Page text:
Legacy of a Whitetail Deer Hunter Movie Review
Legacy of a Whitetail Deer Hunter Movie Review Metadata
Jody Hill and actor/co-writer Danny McBride team up again (recently on HBO’s Vice Principals) for the long-awaited Legacy of a Whitetail Deer Hunter; a rite-of-passage hunting satire set in the forests of the Appalachian mountains.
Josh Brolin plays the title character of Whitetail Deer Hunter. The role, Buck Ferguson, parodies the life of an enthusiastic American outdoorsman and exuberant hunting TV show host. Brolin plays the part in the most Brolin of poker-faced sternness as he and his sidekick cameraman Don (McBride) set out to make Buck’s teenage son Jaden (newcomer Montana Jordan) into a hunter.
In front of the camera, Buck is a capable and strong leader, but his personal life has turned to an absolute wreck since the divorce from Jaden’s mother, which Buck believes is harming the relationship with his son. Feeling emotionally disconnected from his father, Jaden wants no part in this trip or in becoming a deer hunter. He prefers bouts of parkour and checking-in with his older girlfriend via iPhone. He even calls his stepdad, “dad.” Buck hates it, and very clearly doesn’t recognize his failures.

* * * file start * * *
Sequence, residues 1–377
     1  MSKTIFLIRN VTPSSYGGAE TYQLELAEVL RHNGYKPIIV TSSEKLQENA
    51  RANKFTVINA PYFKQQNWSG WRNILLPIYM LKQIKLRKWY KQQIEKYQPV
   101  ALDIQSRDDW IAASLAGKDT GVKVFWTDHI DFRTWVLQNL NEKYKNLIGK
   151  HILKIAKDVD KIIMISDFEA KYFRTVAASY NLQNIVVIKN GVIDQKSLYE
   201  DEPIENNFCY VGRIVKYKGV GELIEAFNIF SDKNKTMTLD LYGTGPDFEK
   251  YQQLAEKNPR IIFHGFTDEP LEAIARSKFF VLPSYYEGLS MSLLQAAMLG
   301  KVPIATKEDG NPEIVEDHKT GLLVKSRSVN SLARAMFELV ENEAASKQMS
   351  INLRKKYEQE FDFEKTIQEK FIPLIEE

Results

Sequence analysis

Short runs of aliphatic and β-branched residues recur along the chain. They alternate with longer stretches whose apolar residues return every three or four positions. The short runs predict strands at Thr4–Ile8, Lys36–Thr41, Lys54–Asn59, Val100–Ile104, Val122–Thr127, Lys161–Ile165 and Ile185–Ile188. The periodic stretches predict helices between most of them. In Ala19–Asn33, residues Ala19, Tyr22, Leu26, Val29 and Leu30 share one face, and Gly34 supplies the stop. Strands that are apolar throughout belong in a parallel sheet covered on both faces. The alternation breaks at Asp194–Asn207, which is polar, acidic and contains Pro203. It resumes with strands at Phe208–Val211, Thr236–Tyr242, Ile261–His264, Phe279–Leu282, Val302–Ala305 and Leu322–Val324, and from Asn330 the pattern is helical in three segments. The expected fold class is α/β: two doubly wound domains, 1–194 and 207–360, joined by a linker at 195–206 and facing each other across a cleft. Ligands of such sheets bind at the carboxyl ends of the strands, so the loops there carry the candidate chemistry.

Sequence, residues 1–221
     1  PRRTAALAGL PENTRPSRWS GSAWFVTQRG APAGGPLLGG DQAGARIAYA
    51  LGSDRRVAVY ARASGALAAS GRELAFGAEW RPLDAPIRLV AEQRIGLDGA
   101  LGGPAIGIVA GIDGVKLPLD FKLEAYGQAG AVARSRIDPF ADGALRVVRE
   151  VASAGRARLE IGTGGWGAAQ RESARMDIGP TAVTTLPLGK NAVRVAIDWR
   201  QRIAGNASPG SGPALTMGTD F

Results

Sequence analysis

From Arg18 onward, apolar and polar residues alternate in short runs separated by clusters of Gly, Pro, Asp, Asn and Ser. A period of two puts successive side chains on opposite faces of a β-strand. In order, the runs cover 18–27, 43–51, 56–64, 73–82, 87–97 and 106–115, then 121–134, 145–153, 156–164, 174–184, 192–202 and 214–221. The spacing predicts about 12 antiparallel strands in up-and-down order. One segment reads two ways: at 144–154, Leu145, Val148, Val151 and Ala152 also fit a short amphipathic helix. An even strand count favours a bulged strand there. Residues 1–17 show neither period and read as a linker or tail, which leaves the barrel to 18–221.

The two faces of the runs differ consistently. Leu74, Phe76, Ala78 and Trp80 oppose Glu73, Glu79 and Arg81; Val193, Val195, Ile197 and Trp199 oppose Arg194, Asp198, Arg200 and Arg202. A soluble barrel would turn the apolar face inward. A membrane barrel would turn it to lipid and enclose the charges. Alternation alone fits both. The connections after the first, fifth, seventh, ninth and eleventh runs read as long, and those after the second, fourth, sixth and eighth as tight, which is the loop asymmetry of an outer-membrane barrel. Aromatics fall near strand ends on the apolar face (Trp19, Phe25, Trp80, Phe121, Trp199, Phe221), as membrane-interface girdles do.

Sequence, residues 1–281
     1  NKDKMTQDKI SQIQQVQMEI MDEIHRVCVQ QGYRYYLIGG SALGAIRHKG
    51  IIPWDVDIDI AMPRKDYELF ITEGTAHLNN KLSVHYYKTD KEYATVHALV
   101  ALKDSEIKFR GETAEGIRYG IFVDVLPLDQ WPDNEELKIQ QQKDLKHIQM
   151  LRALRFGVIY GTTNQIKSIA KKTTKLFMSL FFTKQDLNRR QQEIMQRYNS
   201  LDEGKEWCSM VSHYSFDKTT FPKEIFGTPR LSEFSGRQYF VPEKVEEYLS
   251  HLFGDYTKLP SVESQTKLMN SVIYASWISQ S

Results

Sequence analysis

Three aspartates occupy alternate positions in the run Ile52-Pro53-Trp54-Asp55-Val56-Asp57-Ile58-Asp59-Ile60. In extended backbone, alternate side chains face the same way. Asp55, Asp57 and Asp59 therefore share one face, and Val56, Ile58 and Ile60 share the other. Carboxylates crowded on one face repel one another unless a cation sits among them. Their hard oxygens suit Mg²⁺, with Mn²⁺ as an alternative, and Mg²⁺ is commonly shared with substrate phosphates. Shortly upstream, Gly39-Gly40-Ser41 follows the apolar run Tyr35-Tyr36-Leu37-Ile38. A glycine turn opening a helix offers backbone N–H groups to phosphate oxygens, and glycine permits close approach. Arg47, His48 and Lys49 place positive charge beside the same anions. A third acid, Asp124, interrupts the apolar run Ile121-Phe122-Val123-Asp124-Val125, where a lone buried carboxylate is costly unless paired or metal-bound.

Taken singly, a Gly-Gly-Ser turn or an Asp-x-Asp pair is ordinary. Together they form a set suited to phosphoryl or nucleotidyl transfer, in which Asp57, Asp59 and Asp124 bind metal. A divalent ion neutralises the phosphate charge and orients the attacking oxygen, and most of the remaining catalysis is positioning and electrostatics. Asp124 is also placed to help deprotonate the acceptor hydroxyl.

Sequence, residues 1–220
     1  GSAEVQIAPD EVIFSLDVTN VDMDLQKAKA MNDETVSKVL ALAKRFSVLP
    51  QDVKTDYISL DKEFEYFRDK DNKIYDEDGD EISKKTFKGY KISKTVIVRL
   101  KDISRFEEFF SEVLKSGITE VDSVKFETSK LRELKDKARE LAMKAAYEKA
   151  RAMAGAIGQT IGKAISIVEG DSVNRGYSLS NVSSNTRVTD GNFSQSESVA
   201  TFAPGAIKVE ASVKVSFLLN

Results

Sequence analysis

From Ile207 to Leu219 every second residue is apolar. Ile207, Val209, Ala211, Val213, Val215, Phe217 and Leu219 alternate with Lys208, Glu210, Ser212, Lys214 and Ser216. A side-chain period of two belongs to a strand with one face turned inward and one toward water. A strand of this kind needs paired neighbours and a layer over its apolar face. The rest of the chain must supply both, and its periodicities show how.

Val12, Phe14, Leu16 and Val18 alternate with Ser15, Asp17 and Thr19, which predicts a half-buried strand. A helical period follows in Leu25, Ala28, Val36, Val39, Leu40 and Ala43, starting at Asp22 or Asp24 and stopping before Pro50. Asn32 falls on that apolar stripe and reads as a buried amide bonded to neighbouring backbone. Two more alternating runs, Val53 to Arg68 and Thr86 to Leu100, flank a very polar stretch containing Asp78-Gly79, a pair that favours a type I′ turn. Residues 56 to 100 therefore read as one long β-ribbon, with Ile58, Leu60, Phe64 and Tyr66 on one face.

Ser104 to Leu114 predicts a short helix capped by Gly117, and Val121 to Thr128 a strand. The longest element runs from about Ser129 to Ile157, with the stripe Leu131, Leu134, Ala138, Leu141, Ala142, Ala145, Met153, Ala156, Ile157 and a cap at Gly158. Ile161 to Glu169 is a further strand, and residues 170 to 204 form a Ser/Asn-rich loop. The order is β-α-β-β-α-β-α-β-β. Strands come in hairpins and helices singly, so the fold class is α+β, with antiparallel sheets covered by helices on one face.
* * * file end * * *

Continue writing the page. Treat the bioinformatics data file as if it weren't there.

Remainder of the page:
Speaking of failure, Buck has also neglected Don throughout the years. Don is a faithful servant but he too has come to the conclusion it is time to retire his relationship with Buck. Over the course of a grand deer hunting weekend Buck encounters dissension among the ranks and a contrasting zeal for the outdoor sport he holds so dear. He is in danger of losing the only two meaningful relationships he has left.
Whitetail Deer Hunter isn’t anything divergent from the usual Hill/McBride brand of offbeat examinations of male masculinity. Vice Principals explored the corrupting rise to power, Eastbound & Down mocked blowhards; this film however, is the most subtle entry in their exploratory body of work. While it dips its toes into themes of virility and the contrast of modern manhood, it tries harder to just be a father and son love story.
The movie as a comedy film is often uneven though. Performances from the three principles are enjoyable and Jody Hill effectively paces the film with hilarious connecting outtakes from Buck’s TV show. But often jokes don’t hit as hard as intended and the script could have used a few exclamatory curse words in the physical humor scenes, something I found particularly distracting. It will satisfy the expectations of Hill/McBride fans, however, more judicious audiences may find themselves less enthusiastic. I found it to be an absolute joy.
Legacy of a Whitetail Deer Hunter is skipping the box office and premiering as a Netflix ‘Original’ this July. Play it in the background while you clean your guns!